In such a known type of test device, there is a circuit that generates an alternating current test signal as the disturbing or driving longitudinal voltage that is applied to the telephone line under test. This voltage varies with differences in the lengths of the telephone lines tested. That is, for a given test unit that is to generate the same driving longitudinal voltage from test to test, the driving longitudinal voltage in fact changes in response to the length of the telephone line to which the unit is connected for testing. This in turn means that the maximum acceptable level of stressed noise must change if a constant minimum longitudinal balance level is to be maintained.
The present invention provides a novel and improved longitudinal balance test circuit and test method that enable a telephone technician to use a single test device to accurately test for longitudinal balance in telephone lines of different lengths despite the driving longitudinal voltage output by the test circuit changing due to different lengths of telephone lines tested.
In another aspect of the present invention, a novel and improved test circuit that can be used to perform the method of the present invention (or other methods for which it is suited) includes a coupling transformer to provide the generated driving voltage to the pair of wires of the telephone line under test. This longitudinal balance test circuit of the present invention comprises a transformer including a first winding that connects to a telephone line. This transformer also includes a second winding that connects to a voltage source providing an alternating current test voltage with which to test longitudinal balance of the telephone line. In a particular implementation, the first winding is adapted to connect at one end to tip and ring lines of the telephone line (specifically through matched impedances) and to connect at another end to a shield conductor of the telephone line.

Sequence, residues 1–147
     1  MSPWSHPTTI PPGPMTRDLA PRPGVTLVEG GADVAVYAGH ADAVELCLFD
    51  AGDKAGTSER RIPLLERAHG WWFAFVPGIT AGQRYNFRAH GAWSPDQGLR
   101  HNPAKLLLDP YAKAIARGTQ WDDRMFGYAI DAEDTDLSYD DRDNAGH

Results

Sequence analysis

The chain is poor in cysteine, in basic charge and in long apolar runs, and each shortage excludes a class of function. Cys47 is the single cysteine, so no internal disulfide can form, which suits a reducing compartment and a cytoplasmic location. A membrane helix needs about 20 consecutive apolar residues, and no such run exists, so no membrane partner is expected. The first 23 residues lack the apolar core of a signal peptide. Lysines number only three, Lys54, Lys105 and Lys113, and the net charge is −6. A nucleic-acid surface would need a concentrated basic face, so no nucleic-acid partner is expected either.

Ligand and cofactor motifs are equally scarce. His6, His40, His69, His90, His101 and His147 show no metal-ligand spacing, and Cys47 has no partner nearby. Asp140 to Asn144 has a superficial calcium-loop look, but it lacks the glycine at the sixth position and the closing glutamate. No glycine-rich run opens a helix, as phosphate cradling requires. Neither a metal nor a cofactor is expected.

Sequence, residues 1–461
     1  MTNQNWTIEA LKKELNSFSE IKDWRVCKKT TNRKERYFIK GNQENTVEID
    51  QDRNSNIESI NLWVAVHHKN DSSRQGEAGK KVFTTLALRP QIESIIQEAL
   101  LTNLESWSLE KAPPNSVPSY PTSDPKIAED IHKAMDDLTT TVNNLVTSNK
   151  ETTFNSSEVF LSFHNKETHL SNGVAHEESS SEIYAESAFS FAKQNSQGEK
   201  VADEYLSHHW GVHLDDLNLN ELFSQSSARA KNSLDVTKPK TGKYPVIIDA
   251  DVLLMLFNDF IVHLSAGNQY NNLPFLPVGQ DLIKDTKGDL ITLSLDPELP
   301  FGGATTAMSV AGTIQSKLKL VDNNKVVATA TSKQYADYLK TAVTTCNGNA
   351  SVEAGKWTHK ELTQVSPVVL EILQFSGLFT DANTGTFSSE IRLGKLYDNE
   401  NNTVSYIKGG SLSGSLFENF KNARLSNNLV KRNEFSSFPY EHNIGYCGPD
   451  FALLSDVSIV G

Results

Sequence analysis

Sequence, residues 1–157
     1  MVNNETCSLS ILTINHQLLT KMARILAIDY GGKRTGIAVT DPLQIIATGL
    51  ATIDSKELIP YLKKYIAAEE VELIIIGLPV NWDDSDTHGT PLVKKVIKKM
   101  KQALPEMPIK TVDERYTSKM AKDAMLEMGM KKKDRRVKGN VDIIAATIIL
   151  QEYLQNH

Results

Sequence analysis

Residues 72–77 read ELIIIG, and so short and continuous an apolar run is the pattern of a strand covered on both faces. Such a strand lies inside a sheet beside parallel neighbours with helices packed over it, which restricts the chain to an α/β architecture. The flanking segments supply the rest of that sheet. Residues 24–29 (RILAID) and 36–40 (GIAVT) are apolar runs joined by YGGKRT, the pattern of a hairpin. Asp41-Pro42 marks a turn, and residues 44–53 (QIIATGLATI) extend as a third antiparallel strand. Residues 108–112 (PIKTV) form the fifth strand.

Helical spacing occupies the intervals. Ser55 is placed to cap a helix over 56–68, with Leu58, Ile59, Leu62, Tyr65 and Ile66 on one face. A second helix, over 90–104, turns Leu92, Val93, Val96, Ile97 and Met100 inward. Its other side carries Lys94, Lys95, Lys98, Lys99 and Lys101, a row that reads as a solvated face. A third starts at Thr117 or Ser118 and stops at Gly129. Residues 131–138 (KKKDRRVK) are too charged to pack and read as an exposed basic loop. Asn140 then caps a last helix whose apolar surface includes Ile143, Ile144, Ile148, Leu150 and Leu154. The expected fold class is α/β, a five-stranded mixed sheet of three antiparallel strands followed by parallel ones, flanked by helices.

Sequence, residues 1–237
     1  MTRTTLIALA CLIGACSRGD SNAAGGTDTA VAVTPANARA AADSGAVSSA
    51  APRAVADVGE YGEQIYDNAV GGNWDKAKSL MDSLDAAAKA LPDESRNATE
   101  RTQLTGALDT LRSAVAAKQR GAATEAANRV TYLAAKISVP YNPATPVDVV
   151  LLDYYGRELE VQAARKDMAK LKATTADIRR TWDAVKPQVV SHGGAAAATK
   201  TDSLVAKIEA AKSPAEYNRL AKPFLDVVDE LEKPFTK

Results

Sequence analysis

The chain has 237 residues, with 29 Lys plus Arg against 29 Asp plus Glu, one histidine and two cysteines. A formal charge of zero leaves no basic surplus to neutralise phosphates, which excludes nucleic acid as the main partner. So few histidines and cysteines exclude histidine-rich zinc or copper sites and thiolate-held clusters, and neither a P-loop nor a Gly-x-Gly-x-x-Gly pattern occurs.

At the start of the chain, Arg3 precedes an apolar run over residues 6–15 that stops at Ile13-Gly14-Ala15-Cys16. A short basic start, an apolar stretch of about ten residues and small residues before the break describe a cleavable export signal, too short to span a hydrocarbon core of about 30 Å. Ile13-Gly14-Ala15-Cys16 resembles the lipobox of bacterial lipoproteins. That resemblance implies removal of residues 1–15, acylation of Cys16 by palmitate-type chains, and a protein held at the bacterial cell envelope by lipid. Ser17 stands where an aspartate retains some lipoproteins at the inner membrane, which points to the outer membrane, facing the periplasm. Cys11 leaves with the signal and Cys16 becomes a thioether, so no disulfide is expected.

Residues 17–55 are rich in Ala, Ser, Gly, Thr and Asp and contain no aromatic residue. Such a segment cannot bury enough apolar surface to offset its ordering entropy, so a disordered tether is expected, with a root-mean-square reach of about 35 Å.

Stated another way, the present invention provides a device to test a shielded telephone wire pair. The device comprises a first connector to connect to a first wire of the shielded telephone wire pair, a second connector to connect to a second wire of the shielded telephone wire pair, and a third connector to connect to the shield of the shielded telephone wire pair. The device further comprises an alternating current test signal generator and a transformer. The transformer includes: a first winding having one end connected to the first and second connectors and having another end connected to the third connector; and a second winding connected to the signal generator. The device still further includes an indicator connected to the first and second connectors.
The method, of testing a telephone line for longitudinal balance in accordance with the present invention comprises: measuring an alternating current test signal applied to a telephone line under test; measuring stressed noise of the telephone line in response to the applied alternating current test signal; calculating, in response to the measured alternating current test signal and the measured stressed noise, an adjusted value related to longitudinal balance regardless of the length of the telephone line under test; and displaying the adjusted value.
Another statement of the present invention is as a method of testing a telephone line for longitudinal balance comprising: connecting a test unit to the tip line, the ring line, and a shield of a selected telephone line to be tested; generating in the test unit an alternating current test signal and applying the test signal to the selected telephone line connected to the test unit; measuring in the test unit the alternating current test signal applied to the telephone line; measuring in the test unit stressed noise of the telephone line in response to the applied alternating current test signal; and calculating in the test unit, in response to the measured alternating current test signal and the measured stressed noise, an adjusted value to indicate whether the telephone line is or is not in balance regardless of the length of the telephone line under test.